Medusa's Gaze and Vampire's Bite by Matt Kaplan

Rating: 
4
"Medusa's Gaze and Vampire's Bite: The Science of Monsters" by Matt Kaplan

Medusa's Gaze and Vampire's Bite: The Science of Monsters by Matt Kaplan is a cheeky historical trip through many of the familiar monsters that go bump in the night. This book may be a bit light for the full-time scientist or cryptozoologist, but for readers wanting to know more about the history of monsters, it is an amusing read.

Kaplan is a science writer who looks at monsters from aliens to zombies, with a lot of our familiar old monster friends included in the mix. Medusa's Gaze and Vampire's Bite also shares insights into why we continue to scare the daylights out of ourselves, and why we do so in a most willing manner and explains some of the dark reasons behind the variety of creatures including Medusa, the golem, HAL 9000, and dragons.

Kaplan explains the introduction of super-sized lions and tigers and bears to humans finding fossilized bones and amalgamated creatures like the griffin from bones found in tar pits.

Kaplan stays on topic with a good scientific approach to dissecting the monsters and determining if they may have come from natural science or history, and he makes the science fun.

There is a light-hearted feel to learning about monsters through history and Kaplan has amusing tales, jokes and puns, but he makes the sometimes unwieldy topics of science and history entertaining.

Medusa's Gaze and Vampire's Bite is a recommended read if you are looking for a delightfully engaging--if somewhat light--look at the origins and evolution of monsters and how their appeal remains fresh.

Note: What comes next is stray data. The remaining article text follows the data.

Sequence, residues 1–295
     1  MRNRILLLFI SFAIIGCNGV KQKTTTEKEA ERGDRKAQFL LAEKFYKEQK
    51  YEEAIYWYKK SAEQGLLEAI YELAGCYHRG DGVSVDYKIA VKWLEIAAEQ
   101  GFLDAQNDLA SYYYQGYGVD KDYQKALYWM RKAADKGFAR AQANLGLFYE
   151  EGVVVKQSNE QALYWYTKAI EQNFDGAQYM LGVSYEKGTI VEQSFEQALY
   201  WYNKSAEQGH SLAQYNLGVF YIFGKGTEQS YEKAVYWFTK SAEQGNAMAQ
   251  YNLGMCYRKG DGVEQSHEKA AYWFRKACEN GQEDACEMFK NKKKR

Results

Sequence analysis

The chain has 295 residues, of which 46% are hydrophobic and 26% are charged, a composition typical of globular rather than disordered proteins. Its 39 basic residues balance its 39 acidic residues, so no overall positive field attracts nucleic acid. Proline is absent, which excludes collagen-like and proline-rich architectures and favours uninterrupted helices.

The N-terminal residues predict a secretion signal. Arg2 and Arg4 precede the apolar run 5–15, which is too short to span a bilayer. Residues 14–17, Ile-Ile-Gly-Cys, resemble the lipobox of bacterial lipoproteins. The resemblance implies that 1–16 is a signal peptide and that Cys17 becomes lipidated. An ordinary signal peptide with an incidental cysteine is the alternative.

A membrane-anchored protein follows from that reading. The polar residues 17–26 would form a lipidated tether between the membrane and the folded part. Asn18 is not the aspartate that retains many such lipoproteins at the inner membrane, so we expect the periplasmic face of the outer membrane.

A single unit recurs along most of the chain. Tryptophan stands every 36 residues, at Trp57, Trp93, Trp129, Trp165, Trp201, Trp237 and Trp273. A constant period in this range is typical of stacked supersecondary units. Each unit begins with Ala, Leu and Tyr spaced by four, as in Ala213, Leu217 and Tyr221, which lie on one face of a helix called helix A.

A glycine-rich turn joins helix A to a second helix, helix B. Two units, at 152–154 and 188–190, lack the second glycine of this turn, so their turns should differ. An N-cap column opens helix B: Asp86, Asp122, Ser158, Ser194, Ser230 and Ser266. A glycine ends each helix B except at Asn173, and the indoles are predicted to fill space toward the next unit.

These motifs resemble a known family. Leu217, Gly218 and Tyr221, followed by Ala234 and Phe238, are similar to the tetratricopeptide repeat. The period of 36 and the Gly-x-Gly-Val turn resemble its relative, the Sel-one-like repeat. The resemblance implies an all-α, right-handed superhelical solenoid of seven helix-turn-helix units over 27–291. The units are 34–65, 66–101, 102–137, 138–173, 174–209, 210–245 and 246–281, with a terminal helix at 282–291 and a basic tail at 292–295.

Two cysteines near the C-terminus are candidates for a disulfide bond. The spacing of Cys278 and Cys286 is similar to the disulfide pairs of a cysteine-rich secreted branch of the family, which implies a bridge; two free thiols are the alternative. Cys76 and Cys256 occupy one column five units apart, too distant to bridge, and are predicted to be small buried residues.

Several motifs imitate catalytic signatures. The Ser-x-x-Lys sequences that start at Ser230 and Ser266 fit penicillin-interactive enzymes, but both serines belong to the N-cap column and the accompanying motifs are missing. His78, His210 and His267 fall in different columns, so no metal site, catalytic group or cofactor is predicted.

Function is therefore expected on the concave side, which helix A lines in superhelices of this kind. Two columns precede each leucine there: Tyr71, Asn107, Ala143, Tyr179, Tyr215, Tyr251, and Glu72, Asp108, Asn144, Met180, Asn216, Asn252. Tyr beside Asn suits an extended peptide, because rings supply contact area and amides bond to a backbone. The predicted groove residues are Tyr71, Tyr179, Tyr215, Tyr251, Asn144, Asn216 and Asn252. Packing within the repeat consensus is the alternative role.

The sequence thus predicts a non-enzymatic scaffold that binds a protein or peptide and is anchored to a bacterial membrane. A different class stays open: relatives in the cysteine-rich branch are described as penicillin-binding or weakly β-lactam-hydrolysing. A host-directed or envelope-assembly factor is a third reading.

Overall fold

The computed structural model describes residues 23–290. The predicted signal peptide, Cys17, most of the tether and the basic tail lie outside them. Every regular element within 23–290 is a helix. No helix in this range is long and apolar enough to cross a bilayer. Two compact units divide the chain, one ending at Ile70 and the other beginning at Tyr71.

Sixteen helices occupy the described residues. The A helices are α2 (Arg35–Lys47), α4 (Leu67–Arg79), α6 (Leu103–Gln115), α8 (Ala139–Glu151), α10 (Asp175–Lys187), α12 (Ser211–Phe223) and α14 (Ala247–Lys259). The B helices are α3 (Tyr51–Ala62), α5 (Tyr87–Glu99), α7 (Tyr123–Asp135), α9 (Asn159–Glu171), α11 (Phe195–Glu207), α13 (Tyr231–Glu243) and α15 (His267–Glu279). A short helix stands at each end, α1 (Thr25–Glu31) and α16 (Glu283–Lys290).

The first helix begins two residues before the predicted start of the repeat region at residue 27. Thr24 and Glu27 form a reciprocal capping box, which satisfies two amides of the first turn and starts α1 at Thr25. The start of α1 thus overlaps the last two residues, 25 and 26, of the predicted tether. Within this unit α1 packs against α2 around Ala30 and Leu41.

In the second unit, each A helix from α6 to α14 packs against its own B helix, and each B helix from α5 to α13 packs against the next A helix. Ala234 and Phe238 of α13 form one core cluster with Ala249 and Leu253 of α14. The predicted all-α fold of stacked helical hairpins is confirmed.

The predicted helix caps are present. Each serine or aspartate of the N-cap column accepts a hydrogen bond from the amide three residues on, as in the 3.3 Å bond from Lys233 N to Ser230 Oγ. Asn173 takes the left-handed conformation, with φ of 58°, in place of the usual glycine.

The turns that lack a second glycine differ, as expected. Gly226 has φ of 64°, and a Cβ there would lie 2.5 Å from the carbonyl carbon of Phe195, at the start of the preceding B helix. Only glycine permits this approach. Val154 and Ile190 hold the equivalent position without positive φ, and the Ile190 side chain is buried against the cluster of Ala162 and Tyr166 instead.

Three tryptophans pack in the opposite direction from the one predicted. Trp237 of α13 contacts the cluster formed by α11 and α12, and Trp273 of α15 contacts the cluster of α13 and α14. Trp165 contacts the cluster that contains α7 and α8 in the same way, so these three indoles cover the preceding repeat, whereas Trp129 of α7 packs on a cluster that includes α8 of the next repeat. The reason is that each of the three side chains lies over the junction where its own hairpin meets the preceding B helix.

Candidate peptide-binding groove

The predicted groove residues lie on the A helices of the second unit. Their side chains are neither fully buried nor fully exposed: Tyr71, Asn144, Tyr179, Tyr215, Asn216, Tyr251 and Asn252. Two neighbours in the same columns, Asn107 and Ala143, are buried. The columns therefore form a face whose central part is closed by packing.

-- review by Kathleen Riley-Daniels

Fanged Films

From the Library

As the 20th century evolved, rational man turned to science to explain mythology that had pervaded for thousands of years. How could a man be mistaken for a vampire? How could someone appear to have been the victim of a vampire attack? Science, in time, came back with answers that may surprise you.Anemia
A million fancies strike you when you hear the name: Nosferatu!N O S F E R A T Udoes not die!What do you expect of the first showing of this great work?Aren't you afraid? - Men must die. But legend has it that a vampire, Nosferatu, 'der Untote' (the Undead), lives on men's blood! You want to see a symphony of horror? You may expect more. Be careful. Nosferatu is not just fun, not something to be taken lightly. Once more: beware.- Publicity for Nosferatu in the German magazine Buhne und Film, 1922  

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